Apollo Magazine

Digging up Dalí (and other disinterments)

Salvador Dalí is far from the first artist to have his eternal sleep disrupted

Picture taken on December 1971 of Spanish artist Salvador Dali. Photo by -/AFP via Getty Images

Picture taken on December 1971 of Spanish artist Salvador Dali. Photo by -/AFP via Getty Images

Introducing Rakewell, Apollo’s wandering eye on the art world. Look out for regular posts taking a rakish perspective on art and museum stories.

To Figueres, Spain, where a psychic has made headway of sorts her effort to prove that she is the illegitimate daughter of local hero Salvador Dalí. Last month, a judge in Madrid ordered the artist’s mortal remains be exhumed in order to subject them to DNA testing: it is, he reasoned, the only way of properly assessing whether tarot card reader and astrologist Pilar Abel’s claims have any substance. DNA samples will be taken for testing from Dalí’s bones and teeth – after which Abel, who claims she is the product of an affair between her mother and the artist, will know whether she is entitled to a slice of his fortune.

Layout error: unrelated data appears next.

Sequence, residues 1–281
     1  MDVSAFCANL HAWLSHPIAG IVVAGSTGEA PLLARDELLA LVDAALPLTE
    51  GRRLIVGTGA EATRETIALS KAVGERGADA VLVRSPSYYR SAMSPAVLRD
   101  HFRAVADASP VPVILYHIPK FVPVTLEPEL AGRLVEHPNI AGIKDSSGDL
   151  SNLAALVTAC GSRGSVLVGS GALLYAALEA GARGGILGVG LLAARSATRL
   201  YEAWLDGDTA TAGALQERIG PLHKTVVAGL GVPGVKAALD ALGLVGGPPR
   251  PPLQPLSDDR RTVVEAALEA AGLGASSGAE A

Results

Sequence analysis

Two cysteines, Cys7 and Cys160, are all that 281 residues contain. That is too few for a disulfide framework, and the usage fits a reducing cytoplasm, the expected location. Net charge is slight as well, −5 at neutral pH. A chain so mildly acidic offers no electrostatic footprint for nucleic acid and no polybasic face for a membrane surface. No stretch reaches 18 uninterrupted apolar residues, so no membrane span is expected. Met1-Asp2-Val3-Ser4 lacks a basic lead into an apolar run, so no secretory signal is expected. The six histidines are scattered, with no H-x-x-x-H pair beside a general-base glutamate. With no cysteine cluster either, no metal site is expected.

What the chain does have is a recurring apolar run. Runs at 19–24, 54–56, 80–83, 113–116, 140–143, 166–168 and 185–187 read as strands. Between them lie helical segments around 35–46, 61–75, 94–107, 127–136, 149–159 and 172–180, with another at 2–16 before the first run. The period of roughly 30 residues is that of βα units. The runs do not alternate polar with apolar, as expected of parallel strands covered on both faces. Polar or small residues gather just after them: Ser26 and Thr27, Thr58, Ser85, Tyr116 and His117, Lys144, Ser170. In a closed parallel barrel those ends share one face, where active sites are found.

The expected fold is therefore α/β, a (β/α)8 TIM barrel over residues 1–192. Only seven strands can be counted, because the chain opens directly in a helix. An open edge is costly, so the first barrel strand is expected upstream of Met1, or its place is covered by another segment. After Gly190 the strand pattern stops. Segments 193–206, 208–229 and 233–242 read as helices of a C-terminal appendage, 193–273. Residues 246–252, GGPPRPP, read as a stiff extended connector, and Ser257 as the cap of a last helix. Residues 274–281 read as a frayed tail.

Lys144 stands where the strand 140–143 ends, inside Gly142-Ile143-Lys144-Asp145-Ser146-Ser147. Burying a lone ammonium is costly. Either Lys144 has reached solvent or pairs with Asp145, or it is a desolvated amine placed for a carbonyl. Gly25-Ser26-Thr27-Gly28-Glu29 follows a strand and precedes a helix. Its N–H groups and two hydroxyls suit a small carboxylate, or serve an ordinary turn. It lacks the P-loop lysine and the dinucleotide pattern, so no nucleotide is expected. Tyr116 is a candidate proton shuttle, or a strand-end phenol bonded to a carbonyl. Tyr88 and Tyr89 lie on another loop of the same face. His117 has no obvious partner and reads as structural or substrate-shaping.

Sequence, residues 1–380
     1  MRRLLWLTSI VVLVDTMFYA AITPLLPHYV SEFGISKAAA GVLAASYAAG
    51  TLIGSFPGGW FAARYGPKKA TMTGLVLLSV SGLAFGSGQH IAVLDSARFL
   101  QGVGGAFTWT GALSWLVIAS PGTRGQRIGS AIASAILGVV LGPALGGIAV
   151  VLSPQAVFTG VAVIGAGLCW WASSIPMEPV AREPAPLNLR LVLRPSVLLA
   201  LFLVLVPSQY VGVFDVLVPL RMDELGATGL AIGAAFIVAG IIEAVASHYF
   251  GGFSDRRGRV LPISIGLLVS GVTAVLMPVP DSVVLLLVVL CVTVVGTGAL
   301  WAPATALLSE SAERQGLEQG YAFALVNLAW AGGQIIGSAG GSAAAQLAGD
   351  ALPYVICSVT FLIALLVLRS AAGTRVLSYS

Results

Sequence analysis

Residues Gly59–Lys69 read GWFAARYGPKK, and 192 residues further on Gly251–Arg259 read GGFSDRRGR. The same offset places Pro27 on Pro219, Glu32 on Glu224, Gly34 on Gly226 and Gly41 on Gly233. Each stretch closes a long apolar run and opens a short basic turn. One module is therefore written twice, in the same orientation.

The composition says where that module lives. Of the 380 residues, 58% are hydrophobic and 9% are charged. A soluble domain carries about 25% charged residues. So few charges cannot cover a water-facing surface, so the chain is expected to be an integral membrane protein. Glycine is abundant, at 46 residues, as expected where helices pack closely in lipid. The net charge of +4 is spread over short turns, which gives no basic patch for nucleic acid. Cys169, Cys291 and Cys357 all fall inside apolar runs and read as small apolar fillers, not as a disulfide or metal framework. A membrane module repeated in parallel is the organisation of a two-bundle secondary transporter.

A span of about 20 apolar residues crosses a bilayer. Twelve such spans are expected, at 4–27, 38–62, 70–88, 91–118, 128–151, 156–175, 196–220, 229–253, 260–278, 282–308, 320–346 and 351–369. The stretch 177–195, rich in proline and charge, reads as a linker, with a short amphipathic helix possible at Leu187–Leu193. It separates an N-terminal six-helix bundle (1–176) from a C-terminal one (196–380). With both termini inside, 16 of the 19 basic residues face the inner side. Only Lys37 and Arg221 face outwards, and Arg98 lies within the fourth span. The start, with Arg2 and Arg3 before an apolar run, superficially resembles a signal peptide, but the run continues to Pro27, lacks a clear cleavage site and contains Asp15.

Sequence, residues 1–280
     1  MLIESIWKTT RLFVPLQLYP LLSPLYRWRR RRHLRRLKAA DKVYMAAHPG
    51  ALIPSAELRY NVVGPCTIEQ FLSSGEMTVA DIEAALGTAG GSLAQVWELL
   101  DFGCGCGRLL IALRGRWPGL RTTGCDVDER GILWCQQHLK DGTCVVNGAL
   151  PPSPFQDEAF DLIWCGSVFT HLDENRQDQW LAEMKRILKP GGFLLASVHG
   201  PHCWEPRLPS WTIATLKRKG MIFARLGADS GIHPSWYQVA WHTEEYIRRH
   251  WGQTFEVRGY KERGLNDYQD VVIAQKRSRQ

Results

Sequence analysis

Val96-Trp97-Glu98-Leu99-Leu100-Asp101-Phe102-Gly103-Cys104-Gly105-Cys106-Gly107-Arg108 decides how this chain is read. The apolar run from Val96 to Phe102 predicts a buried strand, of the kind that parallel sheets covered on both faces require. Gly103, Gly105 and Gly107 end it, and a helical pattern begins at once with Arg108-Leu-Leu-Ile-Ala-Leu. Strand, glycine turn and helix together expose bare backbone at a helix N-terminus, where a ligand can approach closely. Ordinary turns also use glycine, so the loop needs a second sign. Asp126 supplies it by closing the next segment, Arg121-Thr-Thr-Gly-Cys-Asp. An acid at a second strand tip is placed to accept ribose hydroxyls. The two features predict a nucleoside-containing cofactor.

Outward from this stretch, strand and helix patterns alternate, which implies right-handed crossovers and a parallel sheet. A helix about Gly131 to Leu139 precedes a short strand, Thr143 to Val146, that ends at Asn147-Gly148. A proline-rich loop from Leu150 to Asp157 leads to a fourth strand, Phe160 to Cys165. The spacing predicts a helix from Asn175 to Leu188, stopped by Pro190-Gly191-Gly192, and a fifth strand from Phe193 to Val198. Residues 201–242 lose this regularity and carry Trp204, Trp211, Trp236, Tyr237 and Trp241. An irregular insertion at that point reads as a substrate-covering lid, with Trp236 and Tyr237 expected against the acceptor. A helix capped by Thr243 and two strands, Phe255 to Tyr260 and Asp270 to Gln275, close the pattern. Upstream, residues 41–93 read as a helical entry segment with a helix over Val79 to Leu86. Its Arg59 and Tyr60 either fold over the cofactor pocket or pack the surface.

Dalí is far from the first artist to be raised from the ground. Goya, who died in exile in Bordeaux in 1828, was dug up from the Carthusian cemetery there in 1899 and, in 1919, reinterred at the Royal Chapel of St Anthony of La Florida in Madrid, where he remains to this day. Mark Rothko’s remains were dug up from a cemetery in Long Island and moved to a grander plot in Westchester 38 years after he was first laid to rest.

But this is nothing compared to the saga of Leonardo’s (presumed) burial place at the Château d’Amboise in the Loire Valley. The church in which he was initially interred was destroyed during the French Revolution, and in 1874 his remains were transferred to another chapel on the site. There he lay until 2010, when the ‘art detective’ Silvano Vinceti lobbied to have him dug up for DNA testing. Thankfully, he was refused permission.

Altogether stranger is the case of French artist Adrien Poincheval, who simply could not wait until he had shuffled off this mortal coil before being exhumed. In 2012, Poincheval had himself buried under a rock in Marseille, where he stayed for seven days. ‘It was pretty magical when the stone was lifted and I was again struck by the outside, the reality above ground,’ he said once released from his premature tomb. ‘It was a real trip, not of a cosmonaut but rather of a “terronaut” […] the conscious and unconscious mixed, it was pretty incredible’. What would Dalí have made of him?

Got a story for Rakewell? Get in touch at rakewell@apollomag.com or via @Rakewelltweets.

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